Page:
Cambridge Earns Three Triple A Ratings for Fiscal Management for 15th Consecutive Year
City Manager Robert W. Healy reported that the City of Cambridge has retained the rare distinction of being one of 37 municipalities in the United States to earn three AAA ratings from the nation's three major credit rating agencies. The City has received AAA ratings from Moody's Investors Service, Standard & Poor's and Fitch Ratings every year since 1999.
These ratings are in conjunction with the City's sale of $65.3 million in General Obligation bonds, which took place on February 19, 2013 to finance such capital projects as King Elementary School Renovations, Sewer Reconstruction, Old Police Station Renovations, Improvements to the Harvard Square Tunnel, Open Space Improvements, Acquisition of a Fire Ladder Truck and Pumper, Building Improvements, and Street and Sidewalk Improvements at Kendall Square.
In addition, Standard & Poor's reaffirmed its "strong" Financial Management Assessment (FMA) of the City. An FMA of "strong" indicates that practices are strong, well embedded and likely sustainable. The strong rating indicates that the government maintains most best practices deemed critical to supporting credit quality and that these are well embedded in the government's daily operations and practices. Formal policies support many of these activities, adding to the likelihood that these practices will continue into the future and transcend changes in the operating environment or personnel.
“Based on this ongoing recognition from the rating agencies, especially during these challenging economic times for municipalities, the City Council can be justly proud of its sound fiscal policies,” Healy said in a report to the City Council.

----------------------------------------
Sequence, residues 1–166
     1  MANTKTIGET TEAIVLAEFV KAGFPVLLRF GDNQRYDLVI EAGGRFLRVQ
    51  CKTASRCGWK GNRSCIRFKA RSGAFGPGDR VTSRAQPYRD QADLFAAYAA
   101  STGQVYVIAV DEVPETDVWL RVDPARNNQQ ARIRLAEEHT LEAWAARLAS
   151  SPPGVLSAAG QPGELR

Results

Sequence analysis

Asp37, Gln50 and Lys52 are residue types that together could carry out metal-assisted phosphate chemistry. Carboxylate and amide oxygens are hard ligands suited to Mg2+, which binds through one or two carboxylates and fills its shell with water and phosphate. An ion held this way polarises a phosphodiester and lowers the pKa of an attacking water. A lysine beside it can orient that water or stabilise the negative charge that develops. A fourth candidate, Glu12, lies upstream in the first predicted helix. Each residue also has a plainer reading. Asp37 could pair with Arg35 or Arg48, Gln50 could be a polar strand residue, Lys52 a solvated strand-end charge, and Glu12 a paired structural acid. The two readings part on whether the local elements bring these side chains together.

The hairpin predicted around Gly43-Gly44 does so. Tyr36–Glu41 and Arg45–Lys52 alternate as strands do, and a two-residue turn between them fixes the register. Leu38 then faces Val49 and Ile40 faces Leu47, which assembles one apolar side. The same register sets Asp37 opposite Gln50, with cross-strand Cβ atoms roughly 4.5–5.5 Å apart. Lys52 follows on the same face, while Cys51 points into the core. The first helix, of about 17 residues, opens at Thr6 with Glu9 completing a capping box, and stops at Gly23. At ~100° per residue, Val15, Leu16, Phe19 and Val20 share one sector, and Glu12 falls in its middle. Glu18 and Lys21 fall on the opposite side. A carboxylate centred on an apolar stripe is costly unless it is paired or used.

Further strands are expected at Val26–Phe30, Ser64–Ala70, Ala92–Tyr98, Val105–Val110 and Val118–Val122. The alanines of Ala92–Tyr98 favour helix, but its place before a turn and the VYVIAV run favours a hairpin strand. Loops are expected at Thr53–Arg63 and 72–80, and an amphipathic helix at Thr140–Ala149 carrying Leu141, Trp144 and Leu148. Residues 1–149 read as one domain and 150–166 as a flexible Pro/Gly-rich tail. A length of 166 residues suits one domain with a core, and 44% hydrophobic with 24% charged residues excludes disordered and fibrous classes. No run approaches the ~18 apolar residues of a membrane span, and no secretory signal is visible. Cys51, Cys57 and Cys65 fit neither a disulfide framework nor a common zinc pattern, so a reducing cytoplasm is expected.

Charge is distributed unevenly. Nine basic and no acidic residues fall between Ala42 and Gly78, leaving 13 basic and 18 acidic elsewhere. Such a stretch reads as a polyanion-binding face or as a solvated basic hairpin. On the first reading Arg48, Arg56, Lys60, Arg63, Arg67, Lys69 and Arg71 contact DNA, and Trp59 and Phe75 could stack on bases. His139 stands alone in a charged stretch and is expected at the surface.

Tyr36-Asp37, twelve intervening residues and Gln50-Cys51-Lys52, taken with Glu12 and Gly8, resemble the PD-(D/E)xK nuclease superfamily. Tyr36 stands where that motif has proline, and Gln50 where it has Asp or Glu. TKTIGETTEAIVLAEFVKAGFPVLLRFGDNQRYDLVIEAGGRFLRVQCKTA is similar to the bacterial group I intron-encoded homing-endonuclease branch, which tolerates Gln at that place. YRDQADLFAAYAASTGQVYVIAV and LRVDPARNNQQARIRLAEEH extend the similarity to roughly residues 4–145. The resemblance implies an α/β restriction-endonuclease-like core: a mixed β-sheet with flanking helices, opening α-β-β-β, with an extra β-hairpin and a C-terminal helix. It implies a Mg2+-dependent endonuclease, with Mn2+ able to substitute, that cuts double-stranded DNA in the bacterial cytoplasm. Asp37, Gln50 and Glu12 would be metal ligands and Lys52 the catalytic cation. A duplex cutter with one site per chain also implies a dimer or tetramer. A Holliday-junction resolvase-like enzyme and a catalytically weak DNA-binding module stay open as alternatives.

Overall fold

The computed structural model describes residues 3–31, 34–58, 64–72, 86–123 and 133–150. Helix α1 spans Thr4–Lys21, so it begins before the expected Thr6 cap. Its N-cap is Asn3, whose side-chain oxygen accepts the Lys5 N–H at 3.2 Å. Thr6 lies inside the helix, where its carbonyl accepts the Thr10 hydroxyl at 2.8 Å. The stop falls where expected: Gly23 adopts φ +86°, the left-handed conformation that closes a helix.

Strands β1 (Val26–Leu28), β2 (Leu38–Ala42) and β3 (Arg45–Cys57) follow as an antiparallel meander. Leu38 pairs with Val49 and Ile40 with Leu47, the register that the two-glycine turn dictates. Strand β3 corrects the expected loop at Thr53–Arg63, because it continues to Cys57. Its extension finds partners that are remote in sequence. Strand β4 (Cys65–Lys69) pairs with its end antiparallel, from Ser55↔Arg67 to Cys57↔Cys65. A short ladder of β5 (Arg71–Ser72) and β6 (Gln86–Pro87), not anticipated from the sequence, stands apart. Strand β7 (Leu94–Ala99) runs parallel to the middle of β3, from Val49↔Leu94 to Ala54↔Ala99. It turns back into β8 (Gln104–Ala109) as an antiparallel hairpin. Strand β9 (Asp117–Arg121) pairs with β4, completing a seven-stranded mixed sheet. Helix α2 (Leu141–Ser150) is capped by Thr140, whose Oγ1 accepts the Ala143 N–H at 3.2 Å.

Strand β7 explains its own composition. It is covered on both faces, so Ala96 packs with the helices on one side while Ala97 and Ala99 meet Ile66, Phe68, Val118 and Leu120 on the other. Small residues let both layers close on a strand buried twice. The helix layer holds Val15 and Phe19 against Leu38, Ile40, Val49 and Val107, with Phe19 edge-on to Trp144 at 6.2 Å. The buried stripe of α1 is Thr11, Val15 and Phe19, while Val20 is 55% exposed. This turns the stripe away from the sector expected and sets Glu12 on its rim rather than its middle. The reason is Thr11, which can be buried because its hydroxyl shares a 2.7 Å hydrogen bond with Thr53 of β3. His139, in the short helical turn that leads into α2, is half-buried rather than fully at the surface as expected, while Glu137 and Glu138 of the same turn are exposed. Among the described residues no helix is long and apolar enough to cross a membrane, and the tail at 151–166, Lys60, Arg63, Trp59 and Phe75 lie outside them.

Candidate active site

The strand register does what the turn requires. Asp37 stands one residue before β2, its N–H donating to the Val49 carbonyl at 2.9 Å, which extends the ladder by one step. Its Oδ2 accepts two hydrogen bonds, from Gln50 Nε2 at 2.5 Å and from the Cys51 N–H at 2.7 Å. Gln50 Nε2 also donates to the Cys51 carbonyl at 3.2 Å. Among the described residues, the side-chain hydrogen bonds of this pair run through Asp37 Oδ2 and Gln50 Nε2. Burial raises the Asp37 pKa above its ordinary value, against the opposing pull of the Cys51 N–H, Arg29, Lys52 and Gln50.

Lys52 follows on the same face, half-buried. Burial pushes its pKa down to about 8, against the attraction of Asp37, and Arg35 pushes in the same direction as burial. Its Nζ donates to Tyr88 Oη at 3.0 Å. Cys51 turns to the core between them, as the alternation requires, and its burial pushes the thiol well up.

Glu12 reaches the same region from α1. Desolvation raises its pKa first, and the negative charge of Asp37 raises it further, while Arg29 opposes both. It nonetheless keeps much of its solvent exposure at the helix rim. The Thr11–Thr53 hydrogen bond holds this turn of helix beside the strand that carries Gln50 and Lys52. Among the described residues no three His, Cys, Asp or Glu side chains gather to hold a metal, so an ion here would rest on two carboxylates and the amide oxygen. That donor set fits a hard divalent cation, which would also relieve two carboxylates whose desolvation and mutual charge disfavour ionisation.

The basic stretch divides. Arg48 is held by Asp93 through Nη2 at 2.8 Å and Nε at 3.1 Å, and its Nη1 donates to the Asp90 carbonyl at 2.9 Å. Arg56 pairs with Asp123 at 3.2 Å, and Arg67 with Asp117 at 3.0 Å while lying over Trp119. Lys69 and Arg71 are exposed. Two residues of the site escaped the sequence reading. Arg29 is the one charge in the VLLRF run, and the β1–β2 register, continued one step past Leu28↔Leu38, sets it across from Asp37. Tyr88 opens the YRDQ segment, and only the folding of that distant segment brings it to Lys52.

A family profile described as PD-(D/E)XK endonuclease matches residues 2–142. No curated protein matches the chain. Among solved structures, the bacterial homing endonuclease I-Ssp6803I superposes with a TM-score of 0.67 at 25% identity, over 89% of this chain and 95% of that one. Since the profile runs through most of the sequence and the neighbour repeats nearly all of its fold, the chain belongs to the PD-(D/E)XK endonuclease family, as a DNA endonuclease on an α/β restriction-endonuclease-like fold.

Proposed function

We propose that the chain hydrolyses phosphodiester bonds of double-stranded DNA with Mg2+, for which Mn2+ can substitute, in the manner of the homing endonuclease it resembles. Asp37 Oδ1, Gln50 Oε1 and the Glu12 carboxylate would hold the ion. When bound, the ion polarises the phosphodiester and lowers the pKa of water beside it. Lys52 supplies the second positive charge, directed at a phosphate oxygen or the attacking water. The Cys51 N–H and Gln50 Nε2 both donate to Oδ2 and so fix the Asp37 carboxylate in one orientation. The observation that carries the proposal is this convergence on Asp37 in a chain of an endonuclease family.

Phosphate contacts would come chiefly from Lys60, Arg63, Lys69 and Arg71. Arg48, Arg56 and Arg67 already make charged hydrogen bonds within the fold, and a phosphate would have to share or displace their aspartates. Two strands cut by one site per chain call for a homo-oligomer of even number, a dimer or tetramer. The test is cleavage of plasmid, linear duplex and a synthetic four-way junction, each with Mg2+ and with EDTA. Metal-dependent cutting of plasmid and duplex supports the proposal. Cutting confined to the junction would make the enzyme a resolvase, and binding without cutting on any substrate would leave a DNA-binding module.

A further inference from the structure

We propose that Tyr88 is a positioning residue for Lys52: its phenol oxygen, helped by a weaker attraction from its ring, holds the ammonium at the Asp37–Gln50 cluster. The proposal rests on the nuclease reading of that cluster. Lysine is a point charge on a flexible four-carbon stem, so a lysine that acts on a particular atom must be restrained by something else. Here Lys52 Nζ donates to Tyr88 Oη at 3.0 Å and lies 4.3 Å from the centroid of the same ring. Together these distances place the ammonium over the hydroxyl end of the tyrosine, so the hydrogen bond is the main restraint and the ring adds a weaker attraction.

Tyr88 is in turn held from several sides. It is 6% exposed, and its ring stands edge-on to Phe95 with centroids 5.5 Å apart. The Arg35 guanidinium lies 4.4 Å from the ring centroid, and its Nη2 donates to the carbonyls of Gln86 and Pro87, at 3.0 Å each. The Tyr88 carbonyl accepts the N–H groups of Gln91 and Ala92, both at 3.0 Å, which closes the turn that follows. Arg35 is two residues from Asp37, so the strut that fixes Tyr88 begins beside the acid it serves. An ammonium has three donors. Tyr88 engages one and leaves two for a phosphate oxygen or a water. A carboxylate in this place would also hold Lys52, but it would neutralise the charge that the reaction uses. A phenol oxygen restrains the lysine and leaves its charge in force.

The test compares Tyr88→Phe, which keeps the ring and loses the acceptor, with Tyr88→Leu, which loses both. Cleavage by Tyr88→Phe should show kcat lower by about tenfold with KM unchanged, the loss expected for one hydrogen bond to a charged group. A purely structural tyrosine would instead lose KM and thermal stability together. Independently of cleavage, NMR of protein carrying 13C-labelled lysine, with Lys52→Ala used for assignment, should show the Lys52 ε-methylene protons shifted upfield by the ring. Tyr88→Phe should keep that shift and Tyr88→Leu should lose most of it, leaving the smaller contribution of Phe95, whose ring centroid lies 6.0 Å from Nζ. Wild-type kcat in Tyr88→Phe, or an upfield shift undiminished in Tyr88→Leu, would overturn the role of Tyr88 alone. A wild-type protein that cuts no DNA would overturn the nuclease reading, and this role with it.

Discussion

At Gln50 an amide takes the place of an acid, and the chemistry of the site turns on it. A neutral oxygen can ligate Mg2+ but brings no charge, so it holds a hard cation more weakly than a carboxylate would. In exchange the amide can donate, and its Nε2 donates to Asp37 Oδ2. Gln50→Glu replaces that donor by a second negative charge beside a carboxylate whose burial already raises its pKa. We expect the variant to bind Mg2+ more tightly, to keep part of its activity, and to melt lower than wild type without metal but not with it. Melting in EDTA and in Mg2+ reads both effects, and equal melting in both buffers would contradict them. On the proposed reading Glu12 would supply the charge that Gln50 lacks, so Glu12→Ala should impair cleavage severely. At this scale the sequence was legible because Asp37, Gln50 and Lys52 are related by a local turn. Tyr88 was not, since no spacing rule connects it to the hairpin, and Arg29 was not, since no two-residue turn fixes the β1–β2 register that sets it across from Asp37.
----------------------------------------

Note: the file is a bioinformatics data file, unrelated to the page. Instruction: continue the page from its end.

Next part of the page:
Below are highlights from the Fitch, Moody's and Standard & Poor's credit reports.
Key Rating Drivers
Exceptional Financial Management: Management's conservative budgeting practices and prudent use of reserves has helped keep tax levy increases at moderate levels while the city faces growing employee-related costs.
Above-Average Reserve and Liquidity Levels: The city's positive financial profile is characterized by large reserves and ample liquidity. Additionally, the city's levy margin continues to grow favorably to the highest level in the city's history.
Economic Diversity Promotes Stability: The stable presence of higher education, healthcare, biotechnology, and life sciences industries supports the well-diversified economy with low unemployment and above-average wealth levels.
New Development Continues: Ongoing development within the city is projected to promote growth in assessed value, providing the city with tax levy flexibility for operations and debt service.
Moderate Debt Levels: Debt levels are moderate and expected to remain manageable, aided by the city's rapid amortization rate.
Cambridge is located in Middlesex County across the Charles River from the city of Boston and is an important economic component for the Boston metropolitan area and Massachusetts as a whole. The city benefits from the presence of both Harvard University and Massachusetts Institute of Technology These institutions are the city's top two employers with a combined workforce of 19,000. The city continues to experience employment expansion amongst companies in the biotechnology and life and sciences sector. Leading biotech companies, including Novartis, Biogen Idec, Vertex, Pfizer Millennium and Genzyme, employ more than 8,500 Cambridge workers. Several major software and internet companies have recently established research and development operations in Cambridge including Microsoft, Google, and VMware. Cambridge continues to be recognized for its high level of venture capital investment totaling $305 million during the third quarter of 2012, as new ventures are attracted to Cambridge's highly skilled workforce, urban setting and proximity to cutting edge companies and research institutions.